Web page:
Worn by everyone from delicate celebrities wrapping up warm at Sundance, to streetwear kids, to bored accountants who have decided to plough five figure sums into climbing a famous mountain in the hopes of feeling something… anything, the puffer jacket is a truly versatile winter staple. Cozy, durable, stylish and at the forefront of the intersection of fashion and functionality, it's the everyman’s piece of outwear!
The first truly ‘iconic’ puffer was The North Face Nuptse, which gets its name from a mountain in the Nepalese Himalayas, near Everest, you know? First arriving on the scene in 1992, the Nuptse was designed for the rigorous requirements of climbing that renowned peak, a light, down-filled puffer with a slightly cropped finish, a design element that allowed climbers to access their harnesses without too much difficulty. Because of these unmatched performance credentials and its bold colour blocked design, the jacket was quickly adopted by Nineties New Yorkers who wanted to look good while enduring the city's grim winters. A classic was born. Simple.
Yet the Nuptse, despite being a great piece of kit, is hardly the only puffer that TNF has in its locker. For A/W20 the brand has introduced a new-and-improved Himalayan Parka, another Nineties icon. “The Himalayan Parka is truly an authentic and original piece of design; its release in 1994 was accompanied by our first ever Himalayan Suit,” says Tim Hamilton, Global VP Creative The North Face. “The Himalayan Suit has always been a pinnacle piece for the brand, representing exploration on the highest of peaks and most extreme conditions. The Parka maintains the technical capabilities but is packaged in a much more wearable silhouette offering functionality and style that is hard to replicate or reproduce.”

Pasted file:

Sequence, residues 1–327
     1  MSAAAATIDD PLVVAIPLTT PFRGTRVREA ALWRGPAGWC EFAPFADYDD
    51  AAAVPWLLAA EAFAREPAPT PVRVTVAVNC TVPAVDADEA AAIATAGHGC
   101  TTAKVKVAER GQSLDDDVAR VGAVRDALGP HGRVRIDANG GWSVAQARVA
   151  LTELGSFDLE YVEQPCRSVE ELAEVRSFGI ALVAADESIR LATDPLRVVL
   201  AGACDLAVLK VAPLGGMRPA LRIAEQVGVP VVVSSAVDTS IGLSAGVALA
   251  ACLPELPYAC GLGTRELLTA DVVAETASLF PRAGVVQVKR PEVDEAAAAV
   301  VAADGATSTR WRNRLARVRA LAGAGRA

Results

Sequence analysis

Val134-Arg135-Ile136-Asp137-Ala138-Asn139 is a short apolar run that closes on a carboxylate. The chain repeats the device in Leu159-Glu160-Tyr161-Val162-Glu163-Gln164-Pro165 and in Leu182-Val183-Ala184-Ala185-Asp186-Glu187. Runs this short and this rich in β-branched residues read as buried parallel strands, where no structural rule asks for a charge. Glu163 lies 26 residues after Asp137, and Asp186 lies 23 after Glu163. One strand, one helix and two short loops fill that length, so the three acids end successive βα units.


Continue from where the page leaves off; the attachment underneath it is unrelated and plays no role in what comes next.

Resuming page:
So what should you be looking for when it comes to prime puffer investment? What boxes need to be ticked? “First and foremost, it has to work,” says Hamilton. “It has to serve its primary purpose – to protect the wearer from the elements and keep them warm. For The North Face, our most iconic styles throughout the history of the brand were born on the mountain and with real needs. The goal has always been to create the best gear, so our athletes can focus on their climb as even the most minute gear failures can result in the highest price. Starting with technical design and following through with simple, orderly design lines – everything else followed.”
Let’s leave TNF for just a minute, elsewhere, you’ve got Descente Allterrain, a Japanese outdoor label with an obsessive approach to the puffer jacket. Designed for the frigid and snowy conditions of Hokkaido and beyond, its Mizusawa down jacket is as good as it gets. Light, warm, comfortable, waterproof and with a futuristic design and just a hint of branding, it’s a puffer for a stealth wealth-inclined client who is after a top of the range piece.
Then there's Orlebar Brown, best known for Riviera-ready swimming shorts, which has recently made gains in the puffer game with its Shark capsule, inspired by that sharp-toothed and dead-eyed apex predator. Its Ritter jacket (in shark grey of course) is water and wind-resistant, with 650-fill power down and an easily detachable hood.
At Woolrich, a newly-introduced ‘Outdoor Label’ is designed in Japan. The collection is perhaps best demonstrated by the Wintertide Padded Parka, which comes packed with 30D Gore-Tex and specially-bonded recycled down, resulting in a light, stylish and super warm jacket.
Then, on the runway-meets-ravages-of-winter side of things, there’s Paria Farzaneh, a Brtish-Iranian designer who takes inspiration from her Persian heritage and melds it with high tech performance. Her jackets are both intricately patterned and fully loaded with Gore-Tex Infinium.
So whatever your price range, whether your look is more Brunello or Brain Dead (the brand, not your mental state) there is, undoubtedly, a puffer for you this winter and, hopefully, many other winters to come!
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